Issue 4 Politics vs. Purpose
Globally, we are also seeing that “politics” in terms of government institutions are becoming less interesting to the young. At the same time, however, the idea of purpose is taking on a deeper significance. In that context, there are more demonstrations against capitalism, for action on climate change, and for equality (such as the Black Lives Matter movement). The young are still interested in “politics” but not in the institutions of government; they express their politics through social and direct action.
Issue 5 The Danger of Efficiency
This theme is extremely powerful not only for SSX but also for commercial companies. We have been so focused on efficiency that we have forgotten about resilience. This is also true globally. I actually asked a business leader about the efficiency issue, and his answer was clear: we need to rethink efficiency throughout society and industry in order to be prepared for the “Next Crisis”—another keyword.4
Thank you, Sanjay. You’ve given us an excellent understanding of why SSX is necessary not only for Japan, but also from a global perspective. I look forward to your further collaboration with Dentsu Institute to communicate ways of getting to SSX.
Please refer to the following document for more details on the keywords mentioned above.
Building a Resourced Society with SSX
This content was created in collaboration with dentsu international. It can also be found at the following link.
Five Concepts for the New Different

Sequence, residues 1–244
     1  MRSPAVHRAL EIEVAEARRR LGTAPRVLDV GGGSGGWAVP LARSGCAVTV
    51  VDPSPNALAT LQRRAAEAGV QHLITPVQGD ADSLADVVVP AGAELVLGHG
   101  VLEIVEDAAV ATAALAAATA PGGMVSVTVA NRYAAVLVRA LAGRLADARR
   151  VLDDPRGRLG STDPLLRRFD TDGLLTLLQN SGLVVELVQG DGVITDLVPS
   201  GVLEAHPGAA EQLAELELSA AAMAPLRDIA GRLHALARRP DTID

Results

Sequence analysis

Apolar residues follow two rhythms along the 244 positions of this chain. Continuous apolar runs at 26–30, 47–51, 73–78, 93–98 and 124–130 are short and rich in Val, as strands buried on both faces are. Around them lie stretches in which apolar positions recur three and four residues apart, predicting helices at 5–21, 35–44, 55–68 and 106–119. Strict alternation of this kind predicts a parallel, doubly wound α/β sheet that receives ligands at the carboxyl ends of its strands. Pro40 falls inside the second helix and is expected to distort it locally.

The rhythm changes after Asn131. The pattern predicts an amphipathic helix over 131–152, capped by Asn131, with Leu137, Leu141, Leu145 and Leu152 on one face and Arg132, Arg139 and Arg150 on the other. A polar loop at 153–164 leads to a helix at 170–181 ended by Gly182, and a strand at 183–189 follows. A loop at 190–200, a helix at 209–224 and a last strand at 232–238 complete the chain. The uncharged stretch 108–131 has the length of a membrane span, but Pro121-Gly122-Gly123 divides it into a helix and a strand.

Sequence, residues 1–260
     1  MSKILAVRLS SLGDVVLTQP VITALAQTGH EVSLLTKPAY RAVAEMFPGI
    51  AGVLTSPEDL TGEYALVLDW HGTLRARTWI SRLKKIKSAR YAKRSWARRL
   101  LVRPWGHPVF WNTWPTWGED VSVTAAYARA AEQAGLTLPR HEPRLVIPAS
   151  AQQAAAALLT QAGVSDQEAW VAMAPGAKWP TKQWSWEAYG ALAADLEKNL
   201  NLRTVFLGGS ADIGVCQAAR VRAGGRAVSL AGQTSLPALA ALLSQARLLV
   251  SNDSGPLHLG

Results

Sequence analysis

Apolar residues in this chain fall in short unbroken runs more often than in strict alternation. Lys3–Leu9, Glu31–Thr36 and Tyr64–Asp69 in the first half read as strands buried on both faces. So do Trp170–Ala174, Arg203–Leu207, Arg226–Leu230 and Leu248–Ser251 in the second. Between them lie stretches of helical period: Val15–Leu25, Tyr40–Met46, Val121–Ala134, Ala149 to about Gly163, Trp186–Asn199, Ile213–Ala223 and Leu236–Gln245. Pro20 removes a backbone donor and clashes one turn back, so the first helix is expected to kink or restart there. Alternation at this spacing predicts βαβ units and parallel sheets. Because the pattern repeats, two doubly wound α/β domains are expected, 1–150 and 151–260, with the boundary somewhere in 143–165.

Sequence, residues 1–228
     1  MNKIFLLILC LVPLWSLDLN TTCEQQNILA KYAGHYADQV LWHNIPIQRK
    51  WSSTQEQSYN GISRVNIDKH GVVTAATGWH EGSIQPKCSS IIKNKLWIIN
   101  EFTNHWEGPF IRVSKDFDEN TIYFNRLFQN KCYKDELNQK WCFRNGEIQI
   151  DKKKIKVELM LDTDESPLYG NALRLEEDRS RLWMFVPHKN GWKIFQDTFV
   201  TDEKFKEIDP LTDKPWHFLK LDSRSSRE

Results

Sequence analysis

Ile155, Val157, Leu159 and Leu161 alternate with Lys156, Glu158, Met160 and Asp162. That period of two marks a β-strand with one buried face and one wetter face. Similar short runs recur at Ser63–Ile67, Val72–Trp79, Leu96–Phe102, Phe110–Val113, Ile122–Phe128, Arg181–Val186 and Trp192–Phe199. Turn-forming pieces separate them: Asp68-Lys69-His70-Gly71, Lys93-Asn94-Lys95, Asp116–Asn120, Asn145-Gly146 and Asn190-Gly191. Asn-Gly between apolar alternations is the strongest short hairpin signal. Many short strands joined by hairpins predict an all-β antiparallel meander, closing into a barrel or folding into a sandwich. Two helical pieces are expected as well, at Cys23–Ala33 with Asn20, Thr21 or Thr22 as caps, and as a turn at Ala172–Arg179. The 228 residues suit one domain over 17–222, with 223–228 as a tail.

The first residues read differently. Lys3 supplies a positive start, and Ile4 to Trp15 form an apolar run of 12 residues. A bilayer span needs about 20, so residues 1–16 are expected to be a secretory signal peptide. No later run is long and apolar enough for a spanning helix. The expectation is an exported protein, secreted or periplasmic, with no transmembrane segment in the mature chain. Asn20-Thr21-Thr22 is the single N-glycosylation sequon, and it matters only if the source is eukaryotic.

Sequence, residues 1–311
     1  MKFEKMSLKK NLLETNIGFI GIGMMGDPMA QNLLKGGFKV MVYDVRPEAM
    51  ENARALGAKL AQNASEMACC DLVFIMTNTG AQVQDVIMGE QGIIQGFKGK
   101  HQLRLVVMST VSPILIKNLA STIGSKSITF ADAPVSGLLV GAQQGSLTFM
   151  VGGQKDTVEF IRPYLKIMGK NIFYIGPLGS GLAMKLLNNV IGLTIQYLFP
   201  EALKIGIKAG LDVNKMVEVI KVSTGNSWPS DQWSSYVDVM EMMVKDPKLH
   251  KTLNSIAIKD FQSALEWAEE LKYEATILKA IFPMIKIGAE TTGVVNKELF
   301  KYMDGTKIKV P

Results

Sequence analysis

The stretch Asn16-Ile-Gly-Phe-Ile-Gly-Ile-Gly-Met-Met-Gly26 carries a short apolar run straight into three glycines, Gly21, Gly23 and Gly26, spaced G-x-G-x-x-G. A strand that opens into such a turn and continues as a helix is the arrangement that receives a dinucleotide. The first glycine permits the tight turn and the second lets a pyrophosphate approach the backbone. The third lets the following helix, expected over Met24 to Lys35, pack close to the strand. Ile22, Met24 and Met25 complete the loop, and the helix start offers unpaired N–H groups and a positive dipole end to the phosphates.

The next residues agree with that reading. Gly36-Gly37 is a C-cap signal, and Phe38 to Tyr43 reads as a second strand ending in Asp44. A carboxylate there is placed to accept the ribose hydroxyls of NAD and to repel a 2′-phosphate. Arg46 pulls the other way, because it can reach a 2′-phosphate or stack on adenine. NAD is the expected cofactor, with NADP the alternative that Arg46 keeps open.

- Ethics of Technology (Keyword 5)
Technology is changing more quickly, raisings concerns that our recognition and discussion of its ethical problems will fall behind. Take AI, that panacea of technologies. Cases of racial and gender discrimination stemming from biases in algorithms and data are now being reported. It is crucial that we scrutinize new technologies from many perspectives, including the social, ethical, and legal, and that we foster a society-wide ability to imagine scenarios of the future they could enable.
- Socially Virtuous Business (Keyword 15)
As the SDGs and other initiatives to solve social problems gain attention, there is rising expectation of the role of companies in using business to contribute to the public interest. Considering what is good for different stakeholders instead of purely pursuing profit can be considered an act of building social virtue. As with virtuous people, society needs—and welcomes—virtuous companies.
- Tolerance and Respect (Keyword 18)
It has become clear that society cannot properly function if we do not work together with people of different values and ways of thinking. Combatting COVID-19 is just top of the list. What is needed is mental and emotional spaciousness to accept the fact other people are different from oneself and that some things do not go as one likes. Also, discrimination and division are born from ignorance. Efforts to update one’s knowledge in order to understand the personal history and reasoning behind what other people say and to stay in dialogue with an attitude of respect will become increasingly important.
- Next Crisis (Keyword 1)
The DX has been useful during the current COVID-19 crisis, but what would have happened in the case of cyberwar, a pandemic of computer viruses? A “next crisis” mentality—anticipation of an array of possible crises, not only health risks from the “next corona,” but also disaster, war, famine—will be crucial in the coming era.